But if the original deal seemed to good to be true, it basically was. Mike and Jesse meet with Mike’s buyer, a rival drug dealer named Declan, and discover that he will not buy only two-thirds of their methylamine, since the remaining third could be used to cook the blue meth that’s been a thorn in his side since it first appeared on the street to compete with his product. To sell their meth to Declan, they need to sell all of it.
Jesse delivers the news to Walt that they need his methylamine too. And, in the episode’s most jaw-dropping scene, Jesse and Walt recap the events of the past year and how they led up to this current turning point. When Walt began his foray into meth cooking he told Jesse he only needed $737,000 to take care of his family once he was gone. Walt now stands to make nearly six times this amount and he still won’t walk away from the meth business. Walt tells Jesse about his former company, “Grey Matter,” and how he allowed his partners to buy him out. He took $5,000 and the company went on to be worth “$2.16 billion as of last Friday. I look it up every week.” Walt says he’s not in the meth business or the money business; he’s in “the empire business.”
If finally seeing the obscene size of the chip on Walt’s shoulder isn’t enough to convince Jesse he needs to get away from him, then being asked to stay for an awkward dinner with Walt and his wife should do it as well. During dinner, Skyler guzzles wine, feeds them store-bought green beans, and wears her disgust with her husband on her sleeve. (Albertson’s grocery stores get one of the more bittersweet product placement moments in modern TV memory during this scene, as well). It also seems that Skyler has stepped up her passive-aggressive behavior from merely smoking heavily around Walt, (hoping to jump start the cancer again?), to being drunk during their meal and trying to humiliate him in front of his colleague by telling Jesse about her affair. Maybe the anger that came out of her meeting with Marie was a turning point and she’s now evolving from merely passive-aggressive to actually aggressive? Certainly she’s at her emotional bottom now and we wouldn’t expect her to stay there much longer.
After Skyler leaves the table, Walt spins this ugly dinner in a self-pitying way to Jesse. Walt’s home life is a disaster and the meth business is the only thing he has left, “and you want to take it away from me?”
The final sequence has Walt trying to steal the methylamine from Mike and Jesse, and getting caught by Mike. Mike will be taking Walt’s share of the methylamine to sell it whether Walt likes it or not. Mike restrains Walt by zip-tying him to the radiator while he and Saul Goodman (Bob Odenkirk) visit Hank (Dean Norris) at the DEA offices and serve them with a (patently ridiculous) restraining order, aimed at buying Mike a day without a DEA tail so he can make the sale. In a tense escape sequence, Walt uses science (of course) to free himself from the zip tie.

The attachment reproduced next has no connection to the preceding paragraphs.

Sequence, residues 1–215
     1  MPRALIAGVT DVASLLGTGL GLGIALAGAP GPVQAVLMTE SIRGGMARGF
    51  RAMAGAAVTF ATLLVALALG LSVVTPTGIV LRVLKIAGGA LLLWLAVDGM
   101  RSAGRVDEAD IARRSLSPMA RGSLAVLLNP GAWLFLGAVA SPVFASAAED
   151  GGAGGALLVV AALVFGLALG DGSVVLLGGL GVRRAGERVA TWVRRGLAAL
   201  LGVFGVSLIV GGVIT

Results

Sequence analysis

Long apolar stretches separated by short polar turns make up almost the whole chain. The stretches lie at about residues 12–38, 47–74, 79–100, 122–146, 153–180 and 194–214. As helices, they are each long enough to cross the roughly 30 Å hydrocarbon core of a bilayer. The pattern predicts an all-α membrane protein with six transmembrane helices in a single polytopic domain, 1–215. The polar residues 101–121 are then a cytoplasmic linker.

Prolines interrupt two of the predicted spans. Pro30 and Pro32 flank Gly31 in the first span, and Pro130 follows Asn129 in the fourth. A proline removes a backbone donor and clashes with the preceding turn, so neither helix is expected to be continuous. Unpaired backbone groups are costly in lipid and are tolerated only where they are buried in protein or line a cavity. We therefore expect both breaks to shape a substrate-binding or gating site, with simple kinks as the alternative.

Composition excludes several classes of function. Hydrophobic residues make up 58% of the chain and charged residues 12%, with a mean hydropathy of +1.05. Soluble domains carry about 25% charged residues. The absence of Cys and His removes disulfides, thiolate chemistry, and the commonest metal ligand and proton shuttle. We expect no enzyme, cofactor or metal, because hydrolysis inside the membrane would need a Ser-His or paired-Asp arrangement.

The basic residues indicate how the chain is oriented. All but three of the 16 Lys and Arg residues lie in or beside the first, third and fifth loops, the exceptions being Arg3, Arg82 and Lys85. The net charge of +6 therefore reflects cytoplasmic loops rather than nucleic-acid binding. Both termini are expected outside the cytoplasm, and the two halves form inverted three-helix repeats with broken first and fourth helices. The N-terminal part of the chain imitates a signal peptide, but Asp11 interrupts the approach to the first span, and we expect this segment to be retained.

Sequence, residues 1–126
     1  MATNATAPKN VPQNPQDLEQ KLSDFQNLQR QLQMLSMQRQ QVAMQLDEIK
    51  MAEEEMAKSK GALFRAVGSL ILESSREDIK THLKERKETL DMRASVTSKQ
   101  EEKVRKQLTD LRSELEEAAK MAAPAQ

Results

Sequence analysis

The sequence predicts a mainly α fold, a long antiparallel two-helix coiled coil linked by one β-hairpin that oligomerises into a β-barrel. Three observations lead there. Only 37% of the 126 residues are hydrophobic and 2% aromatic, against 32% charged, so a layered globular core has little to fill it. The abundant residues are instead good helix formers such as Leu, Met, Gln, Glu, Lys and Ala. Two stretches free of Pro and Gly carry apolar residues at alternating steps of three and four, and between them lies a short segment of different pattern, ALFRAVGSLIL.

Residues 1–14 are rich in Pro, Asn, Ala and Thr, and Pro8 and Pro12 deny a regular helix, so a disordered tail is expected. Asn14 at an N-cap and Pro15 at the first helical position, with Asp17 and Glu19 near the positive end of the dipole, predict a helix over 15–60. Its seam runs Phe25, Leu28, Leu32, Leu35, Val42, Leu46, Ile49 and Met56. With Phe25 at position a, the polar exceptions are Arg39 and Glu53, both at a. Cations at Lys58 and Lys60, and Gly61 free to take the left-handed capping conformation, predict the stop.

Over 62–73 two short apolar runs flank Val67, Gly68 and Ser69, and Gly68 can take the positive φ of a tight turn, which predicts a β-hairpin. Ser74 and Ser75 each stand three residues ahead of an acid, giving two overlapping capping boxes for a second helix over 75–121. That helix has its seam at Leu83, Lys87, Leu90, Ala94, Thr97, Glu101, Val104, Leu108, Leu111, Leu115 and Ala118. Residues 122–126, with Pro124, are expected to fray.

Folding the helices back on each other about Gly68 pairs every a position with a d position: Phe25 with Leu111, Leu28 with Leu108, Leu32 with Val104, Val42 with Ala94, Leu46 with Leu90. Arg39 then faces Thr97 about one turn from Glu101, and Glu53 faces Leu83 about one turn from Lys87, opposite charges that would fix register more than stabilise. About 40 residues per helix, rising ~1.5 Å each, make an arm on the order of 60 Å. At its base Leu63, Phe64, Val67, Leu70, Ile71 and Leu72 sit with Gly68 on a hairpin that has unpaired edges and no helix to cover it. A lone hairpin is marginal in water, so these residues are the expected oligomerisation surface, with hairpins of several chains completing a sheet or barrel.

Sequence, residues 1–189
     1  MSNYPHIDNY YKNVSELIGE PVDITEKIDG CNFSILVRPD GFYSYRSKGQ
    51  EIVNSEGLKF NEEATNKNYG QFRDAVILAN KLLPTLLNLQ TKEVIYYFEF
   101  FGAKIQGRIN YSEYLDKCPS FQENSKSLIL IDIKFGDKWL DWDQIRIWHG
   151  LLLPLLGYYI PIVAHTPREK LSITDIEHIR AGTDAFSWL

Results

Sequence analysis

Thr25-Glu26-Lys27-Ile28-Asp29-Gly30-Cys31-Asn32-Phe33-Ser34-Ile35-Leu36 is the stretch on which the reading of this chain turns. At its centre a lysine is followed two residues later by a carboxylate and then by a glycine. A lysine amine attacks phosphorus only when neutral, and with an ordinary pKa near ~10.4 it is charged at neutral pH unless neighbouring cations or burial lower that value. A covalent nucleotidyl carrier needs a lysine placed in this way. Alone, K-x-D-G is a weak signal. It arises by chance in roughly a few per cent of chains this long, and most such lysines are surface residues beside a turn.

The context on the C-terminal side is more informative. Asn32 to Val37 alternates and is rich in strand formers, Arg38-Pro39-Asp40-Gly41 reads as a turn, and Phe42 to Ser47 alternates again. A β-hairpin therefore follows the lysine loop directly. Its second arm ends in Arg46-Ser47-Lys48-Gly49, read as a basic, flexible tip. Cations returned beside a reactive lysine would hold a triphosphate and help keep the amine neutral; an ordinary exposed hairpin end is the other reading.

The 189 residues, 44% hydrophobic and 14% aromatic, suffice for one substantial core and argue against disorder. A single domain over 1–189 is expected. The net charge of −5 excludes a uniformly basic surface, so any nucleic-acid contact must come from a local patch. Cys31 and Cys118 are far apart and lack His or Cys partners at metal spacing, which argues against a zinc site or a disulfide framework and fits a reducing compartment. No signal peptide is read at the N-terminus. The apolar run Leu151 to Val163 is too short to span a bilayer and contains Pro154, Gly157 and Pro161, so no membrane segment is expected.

When Mike returns to the office, the methylamine is gone and Walt and Jesse are there instead. Mike is furious, and wants to shoot Walt in the head, but Jesse (!) makes the case that “Mr. White’s got an idea.” “You get your five million, we both do, and he gets his methylamine – just hear him out.” The episode ends on that note, and leaves us with the sinking feeling that all of these men have just lost their only chance to escape the drug trade, and salvage whatever’s left of their souls.
“Buyout” is a strong episode because it again showcases how beyond redemption Walt is, and also because it really forces us to contemplate what’s going on in Jesse’s head. As of now, the two characters that can see behind Walt’s mask are Skyler and Mike. Last week’s killing of the 14-year-old boy, and the events of “Buyout” should have given Jesse a glimpse at Walt’s true face now, too. But we’re not sure he really gets it. Is it because he’s not bright enough to process the evidence that he’s been given, or is he still under Walt’s spell? Does some part of him wants to believe in Walt, the steadying influence who’s often been the only one on his side during the worst times in his life? Which makes you wonder, even if he does see Walt for who he is, what is he actually willing to do about it?
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Article: TV Review – BREAKING BAD – Season 5 – “Buyout”